I continue to shamelessly copy Kacy and Lisa with my own feeble attempt at a series. This time I want to talk about dress and grooming. Maybe it's not a problem for you. Maybe your 2-4 year old just puts on whatever clothes you throw at him without complaint. If that is the case, then you are very blessed. Unfortunately for me, each of my children has been very particular about what they will and will not wear. This particularity seems endless and horrifying at the time, but it is usually let go of at some point when you least expect it, and certainly not when you are in the middle of fighting over it.
I guess what goes around comes around because when I was a toddler I wouldn't wear pants. Not necessarily because I wanted to be frilly all the time, but because, I would wail while having a huge struggle with my mother with five minutes to go before we had to be at preschool, "they have PLEATS!" What did I mean by pleats? I don't know. Sometimes I would wear knit pants, referred to simply as "my knits." This was before the days of sweats for children and soft jersey yoga pants, I guess, because they were literally made of knit wool. They were navy blue as I recall, with a matching fair isle top. But I digress. Anyway, by the time I made it to kindergarten, pleats were no longer an issue and I even wore jeans on my first day. See? Everything was all right (until I decided to pretend an old, plastic, black typewriter case was a brief case and take it to school to try to be like Alex P. Keaton on "Family Ties.")
My children's weird clothing quirks include but are not limited to wearing a ratty old baseball cap 24 hours a day, even to bed; insisting on wearing extremely tight skinny wranglers; only wearing fuzzy footed pajamas, even in summer; only wearing sweat pants and zip up tennis shoes; wearing skirts over jeans; favoring only those things that blatantly do not match; wearing a single shirt over and over again; and insisting on Carhartt brand EVERYTHING.
And then there are the dreadlocks forming on the back of Ruby's head because she won't let me comb it. Won't LET you comb it? Yeah, that's right. She won't. I see these little girls with elaborate braids and perfectly matching, painfully adorable outfits with detachable fur collars, and I wonder how their moms do it. And then I have the equally unsettling thought that those same moms are looking at me and wondering why I allow my children to look so unkempt. Once someone even said this to me: "Your daughters don't need to wear cute clothes and have their hair done cute to be adorable." hmmmm. Was that supposed to be a compliment?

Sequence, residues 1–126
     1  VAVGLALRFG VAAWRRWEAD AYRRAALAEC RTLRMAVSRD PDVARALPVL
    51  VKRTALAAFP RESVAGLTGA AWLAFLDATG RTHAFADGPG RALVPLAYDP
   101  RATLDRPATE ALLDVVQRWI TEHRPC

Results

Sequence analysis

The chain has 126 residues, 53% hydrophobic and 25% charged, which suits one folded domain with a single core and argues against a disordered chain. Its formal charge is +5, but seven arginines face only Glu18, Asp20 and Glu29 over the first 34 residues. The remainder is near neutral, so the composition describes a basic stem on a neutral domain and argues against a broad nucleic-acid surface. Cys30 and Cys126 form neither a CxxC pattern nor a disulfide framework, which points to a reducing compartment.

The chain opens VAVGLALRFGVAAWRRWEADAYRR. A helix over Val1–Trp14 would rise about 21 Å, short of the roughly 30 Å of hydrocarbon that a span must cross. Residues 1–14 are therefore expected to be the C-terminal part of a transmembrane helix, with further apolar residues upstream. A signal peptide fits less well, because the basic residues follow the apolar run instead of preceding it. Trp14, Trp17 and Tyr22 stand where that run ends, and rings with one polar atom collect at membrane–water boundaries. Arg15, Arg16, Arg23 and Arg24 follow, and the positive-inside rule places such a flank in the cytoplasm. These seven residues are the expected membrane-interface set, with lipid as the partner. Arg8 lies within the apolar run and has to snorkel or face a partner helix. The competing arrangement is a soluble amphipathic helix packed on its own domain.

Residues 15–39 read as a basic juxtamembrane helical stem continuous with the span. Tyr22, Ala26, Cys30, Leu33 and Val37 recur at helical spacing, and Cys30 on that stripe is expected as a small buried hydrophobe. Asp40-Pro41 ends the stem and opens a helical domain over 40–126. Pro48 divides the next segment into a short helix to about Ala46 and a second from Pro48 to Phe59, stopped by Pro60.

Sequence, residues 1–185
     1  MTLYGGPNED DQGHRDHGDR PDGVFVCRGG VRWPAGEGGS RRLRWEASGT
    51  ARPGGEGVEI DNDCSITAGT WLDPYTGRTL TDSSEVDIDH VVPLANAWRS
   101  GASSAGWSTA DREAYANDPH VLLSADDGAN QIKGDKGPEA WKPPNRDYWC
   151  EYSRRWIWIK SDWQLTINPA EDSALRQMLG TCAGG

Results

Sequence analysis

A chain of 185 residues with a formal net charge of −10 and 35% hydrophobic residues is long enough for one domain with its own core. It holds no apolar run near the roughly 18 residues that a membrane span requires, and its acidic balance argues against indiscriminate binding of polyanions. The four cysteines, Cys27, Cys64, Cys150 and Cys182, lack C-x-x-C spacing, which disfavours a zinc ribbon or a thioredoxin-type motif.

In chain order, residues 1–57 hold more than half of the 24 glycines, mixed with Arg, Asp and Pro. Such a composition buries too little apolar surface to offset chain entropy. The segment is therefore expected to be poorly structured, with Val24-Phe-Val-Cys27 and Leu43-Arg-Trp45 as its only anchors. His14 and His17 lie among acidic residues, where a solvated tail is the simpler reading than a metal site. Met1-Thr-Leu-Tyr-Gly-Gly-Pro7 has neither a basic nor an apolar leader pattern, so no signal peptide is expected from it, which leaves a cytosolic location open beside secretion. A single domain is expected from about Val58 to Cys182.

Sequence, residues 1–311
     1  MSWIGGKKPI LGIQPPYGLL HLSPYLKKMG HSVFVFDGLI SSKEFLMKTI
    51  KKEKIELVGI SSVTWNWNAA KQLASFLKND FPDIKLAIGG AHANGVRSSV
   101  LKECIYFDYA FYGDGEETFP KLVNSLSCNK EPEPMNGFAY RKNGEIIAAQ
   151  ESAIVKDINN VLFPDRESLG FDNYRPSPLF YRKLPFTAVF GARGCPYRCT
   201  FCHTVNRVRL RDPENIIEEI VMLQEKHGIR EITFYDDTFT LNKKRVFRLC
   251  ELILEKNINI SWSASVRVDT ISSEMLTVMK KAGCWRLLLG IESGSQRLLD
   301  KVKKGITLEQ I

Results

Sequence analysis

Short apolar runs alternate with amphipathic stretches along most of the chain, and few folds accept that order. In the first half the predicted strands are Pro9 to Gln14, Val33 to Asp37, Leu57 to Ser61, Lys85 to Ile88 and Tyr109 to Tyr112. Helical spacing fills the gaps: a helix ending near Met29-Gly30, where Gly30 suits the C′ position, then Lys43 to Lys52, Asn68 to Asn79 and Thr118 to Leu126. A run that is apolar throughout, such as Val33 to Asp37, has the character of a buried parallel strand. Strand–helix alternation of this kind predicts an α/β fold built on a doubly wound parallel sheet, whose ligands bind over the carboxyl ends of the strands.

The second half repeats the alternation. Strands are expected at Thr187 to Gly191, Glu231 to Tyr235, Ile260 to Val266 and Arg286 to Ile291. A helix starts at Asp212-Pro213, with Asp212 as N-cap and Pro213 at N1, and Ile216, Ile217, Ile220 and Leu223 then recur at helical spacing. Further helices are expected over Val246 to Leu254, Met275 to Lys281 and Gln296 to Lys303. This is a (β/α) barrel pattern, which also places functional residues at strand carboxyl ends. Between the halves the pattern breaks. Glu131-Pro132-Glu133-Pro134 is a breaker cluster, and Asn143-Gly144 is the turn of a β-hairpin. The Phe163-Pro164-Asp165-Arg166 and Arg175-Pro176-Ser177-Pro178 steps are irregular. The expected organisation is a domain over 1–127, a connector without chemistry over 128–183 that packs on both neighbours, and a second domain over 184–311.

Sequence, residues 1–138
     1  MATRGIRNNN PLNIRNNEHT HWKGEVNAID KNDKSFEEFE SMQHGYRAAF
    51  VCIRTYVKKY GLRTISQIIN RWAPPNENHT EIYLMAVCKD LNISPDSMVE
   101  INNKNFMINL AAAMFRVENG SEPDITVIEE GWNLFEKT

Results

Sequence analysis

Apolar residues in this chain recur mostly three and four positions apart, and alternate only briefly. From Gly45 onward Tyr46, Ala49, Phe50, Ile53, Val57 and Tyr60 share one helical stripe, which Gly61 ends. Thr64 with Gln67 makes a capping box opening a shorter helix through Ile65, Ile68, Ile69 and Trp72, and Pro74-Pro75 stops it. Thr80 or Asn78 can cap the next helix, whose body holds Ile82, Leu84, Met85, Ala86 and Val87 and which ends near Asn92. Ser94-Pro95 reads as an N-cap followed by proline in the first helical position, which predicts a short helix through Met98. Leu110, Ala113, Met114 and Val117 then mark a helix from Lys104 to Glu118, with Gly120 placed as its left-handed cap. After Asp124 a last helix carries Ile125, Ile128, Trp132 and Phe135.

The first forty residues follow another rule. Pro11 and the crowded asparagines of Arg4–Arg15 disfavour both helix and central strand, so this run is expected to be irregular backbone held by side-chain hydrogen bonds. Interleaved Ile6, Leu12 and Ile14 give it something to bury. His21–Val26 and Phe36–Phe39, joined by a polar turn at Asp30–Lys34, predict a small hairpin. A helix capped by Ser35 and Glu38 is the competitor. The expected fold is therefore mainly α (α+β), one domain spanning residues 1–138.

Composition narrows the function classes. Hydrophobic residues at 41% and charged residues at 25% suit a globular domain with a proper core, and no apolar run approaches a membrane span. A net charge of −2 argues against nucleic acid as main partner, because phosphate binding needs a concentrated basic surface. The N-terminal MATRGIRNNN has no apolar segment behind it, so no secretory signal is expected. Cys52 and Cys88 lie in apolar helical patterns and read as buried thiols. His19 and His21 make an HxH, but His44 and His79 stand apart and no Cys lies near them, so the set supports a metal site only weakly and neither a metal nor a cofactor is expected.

Which leads me to my dress and grooming tips. I only have two because the whole dress and grooming issue is actually way simpler than it seems.
1. This is your new standard: are your toddlers' clothes clean? Are they seasonally appropriate? Has your toddler bathed recently? Is he relatively clean? Does she have lice? No? See! You are an awesome mom!
2. Remember this: your toddler is not an extension of you, but an individual human being who needs to express herself (especially in weird ways). Kids are not accessories (although when they wear a multi-pocketed jacket they can make a great purse, ala Ahn Yeong and Lucille Bluth)
I have only recently discovered the concept that my children are not an extension of me. I am just now starting to realize that the reason I fight with my kids over their hair and clothing is a selfish one. I don't want to look bad. If Holden wears a ratty old baseball cap everywhere he goes, what will those mothers of boys who wear seersucker suits and bow ties to church think of me? It's really all about me when my kids don't look right. If we could somehow let go of that need to look good through our children, dress and grooming wouldn't be such a problem. We'd realize that these phases will eventually pass and we would never feel the need to say out loud, to any judgmental mother listening in the check out line, "Geez, Ruby, we need to brush your hair, don't we?" or "who chose your outfit today, Hazel?!" etc. (For an excellent treatise on mothers judging mothers, please go here.)
You can always make suggestions, buy the cutest clothes you can that coordinate, persuade, bribe, and model cute dress and grooming habits, but remember: when you force your kid to look a certain way, you are really just doing it for yourself.